The EU Commission on Wednesday September 19 unveiled wide-ranging proposals to reduce to “a negligible level” the serious threats which animal diseases, such as bird flu, pose to human health and the rural economy.
With its mantra “prevention is better than cure,” the strategy paper sets out a raft of suggested short-and long-term measures including a rapid response network, streamlined and harmonised animal health laws and, eventually, an electronic ID system for cattle.
“Animal health has implications for human health, food safety, economic prosperity and ethical values,” EU Health Commissioner Markos Kyprianou said in a statement. “Our goal is to reduce the threats that certain diseases pose, and to ensure that any animal health measure taken over the next six-years offers maximum benefit for EU citizens,” he added.
The EU’s executive arm expects the European Parliament and the 27 EU member states to respond to its proposals by the end of the year. “We hope to decrease the later costs that we may have to incur in tackling the disease outbreaks,” said Commission spokesman Philip Tod. New legislation on the basis of the proposals is not expected until 2009, he added.
The initiative was unveiled as the growing foot and mouth disease problem in England illustrates the threat to livestock and livelihoods of animal disease. The outbreaks raised the spectre of a repeat of the 2001 foot and mouth crisis, in which up to 10 million animals were culled and which cost the national economy about eight billion pounds (11.7 billion euros, 16.0 billion dollars).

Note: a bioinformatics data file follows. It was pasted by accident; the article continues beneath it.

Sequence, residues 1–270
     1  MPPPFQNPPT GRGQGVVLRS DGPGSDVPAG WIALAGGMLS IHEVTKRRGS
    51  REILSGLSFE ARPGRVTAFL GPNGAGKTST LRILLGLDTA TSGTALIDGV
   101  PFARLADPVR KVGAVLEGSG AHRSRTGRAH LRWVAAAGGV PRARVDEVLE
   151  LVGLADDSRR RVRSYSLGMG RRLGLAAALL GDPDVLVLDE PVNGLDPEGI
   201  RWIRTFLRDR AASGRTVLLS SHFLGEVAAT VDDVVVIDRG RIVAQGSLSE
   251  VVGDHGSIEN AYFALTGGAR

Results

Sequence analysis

The current bird flu outbreak in southern China is an example of the threats to human life too. The H5N1 bird flu strain has killed 200 people and ravaged poultry flocks worldwide since 2003, according to the World Health Organisation.
As the European Commission paper states, “the EU is the biggest food importer in the world,” and the strategy review is aimed at third countries as well as EU members. “The challenge is to improve border bio-security without severely disrupting cross-border movement of people and agricultural goods,” it states. One idea here is for veterinarians to work more closely with customs officials at border inspection posts.
Conceding that some developing countries would have difficulty complying with EU standards the Commission also calls for the provision of technical assistance to fight exotic diseases at source. “The aim is to put greater focus on precautionary measures, disease surveillance, controls and research, in order to reduce the incidence of animal disease and minimise the impact of outbreaks when they occur,” according to the Commission.
The plan also highlights the need for an integrated approach in animal health policy-making, inter-linking it with other community policies. And the initiative covers animal welfare as well as the risks from animal disease and extends to pets, wild animals and zoos.